At the peak of the dot-com boom (June of 2000), the unemployment rate for the computer industry was 2.3 %. Right now, it is even lower at 2.1%, which certainly comes as a green light to engineers and computer scientists. This year’s cohort of computer science and engineering students can expect an advantage in an industry that has grown steadily for the past four years. In fact, the unemployment rate for recent tech graduates has dropped to about 2%.
"Things are particularly bright for software engineers, whose unemployment rate was down to 0.9 percent last quarter, compared to 1.9 percent during the same period in 2000, according to the U.S. Department of Labor."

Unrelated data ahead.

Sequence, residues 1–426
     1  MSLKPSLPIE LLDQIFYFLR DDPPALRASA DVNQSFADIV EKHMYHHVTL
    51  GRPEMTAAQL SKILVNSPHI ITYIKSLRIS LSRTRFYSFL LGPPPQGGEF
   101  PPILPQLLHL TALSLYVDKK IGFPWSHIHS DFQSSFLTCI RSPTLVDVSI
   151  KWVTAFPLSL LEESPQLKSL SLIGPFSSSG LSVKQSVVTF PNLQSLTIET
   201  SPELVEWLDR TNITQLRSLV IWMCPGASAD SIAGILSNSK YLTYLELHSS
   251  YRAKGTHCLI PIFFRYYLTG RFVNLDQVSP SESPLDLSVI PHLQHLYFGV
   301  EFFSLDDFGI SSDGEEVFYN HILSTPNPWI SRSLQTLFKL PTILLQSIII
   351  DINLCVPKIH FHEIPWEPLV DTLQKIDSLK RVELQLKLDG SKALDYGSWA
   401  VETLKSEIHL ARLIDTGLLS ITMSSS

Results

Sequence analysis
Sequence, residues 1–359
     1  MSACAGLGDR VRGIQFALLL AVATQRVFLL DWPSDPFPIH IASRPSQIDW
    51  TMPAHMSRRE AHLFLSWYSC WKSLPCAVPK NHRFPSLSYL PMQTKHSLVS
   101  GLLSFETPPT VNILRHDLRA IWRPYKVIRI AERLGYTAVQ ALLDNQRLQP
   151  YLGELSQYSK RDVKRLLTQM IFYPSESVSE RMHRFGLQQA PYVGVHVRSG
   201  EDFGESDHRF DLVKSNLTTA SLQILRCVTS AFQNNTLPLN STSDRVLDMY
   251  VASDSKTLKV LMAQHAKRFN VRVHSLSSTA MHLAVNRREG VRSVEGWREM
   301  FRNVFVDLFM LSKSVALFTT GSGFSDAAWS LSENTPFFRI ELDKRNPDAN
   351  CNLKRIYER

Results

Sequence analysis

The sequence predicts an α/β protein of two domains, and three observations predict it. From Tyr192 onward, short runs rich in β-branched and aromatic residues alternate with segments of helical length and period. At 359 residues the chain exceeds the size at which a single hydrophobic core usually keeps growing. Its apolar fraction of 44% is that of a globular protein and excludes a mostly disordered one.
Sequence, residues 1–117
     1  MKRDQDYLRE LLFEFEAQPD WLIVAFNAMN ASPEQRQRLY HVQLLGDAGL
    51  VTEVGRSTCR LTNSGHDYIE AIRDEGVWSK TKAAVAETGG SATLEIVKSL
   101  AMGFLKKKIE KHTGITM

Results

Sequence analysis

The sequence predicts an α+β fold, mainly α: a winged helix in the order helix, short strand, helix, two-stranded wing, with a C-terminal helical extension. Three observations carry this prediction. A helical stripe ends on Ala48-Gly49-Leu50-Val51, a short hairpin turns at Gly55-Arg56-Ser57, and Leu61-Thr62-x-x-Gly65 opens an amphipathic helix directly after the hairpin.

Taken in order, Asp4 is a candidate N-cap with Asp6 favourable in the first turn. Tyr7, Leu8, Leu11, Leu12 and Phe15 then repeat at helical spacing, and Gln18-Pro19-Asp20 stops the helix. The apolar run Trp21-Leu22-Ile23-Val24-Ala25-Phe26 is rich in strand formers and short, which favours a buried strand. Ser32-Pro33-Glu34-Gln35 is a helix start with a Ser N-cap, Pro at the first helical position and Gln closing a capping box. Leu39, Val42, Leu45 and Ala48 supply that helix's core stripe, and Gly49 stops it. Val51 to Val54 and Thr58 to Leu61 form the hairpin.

"In total of tech jobs we’re probably in a better position than we’ve ever been."
"From being an employers’ market four years ago, it’s now an employee-driven market."
The process of hiring people is most active during spring and summer. Companies like IBM, Microsoft, Google, and others are working very hard to find the right candidates to fill open positions. For instance, Microsoft has plans to hire 2,500 students this year, which they say would be a bigger if there wasn’t a shortage of students with technical skills.
Of course every company is looking for something different. IBM is looking for very specific skills, such as those learned in its very own SSME academic discipline (Services, Sciences, Management, and Engineering). Google on the other hand, seeks people early in their careers so that they can be molded accordingly. Although the job market is quite open at the moment, the advice that’s commonly being given is to be proactive, “get your name out there, don’t expect the jobs to come to you.”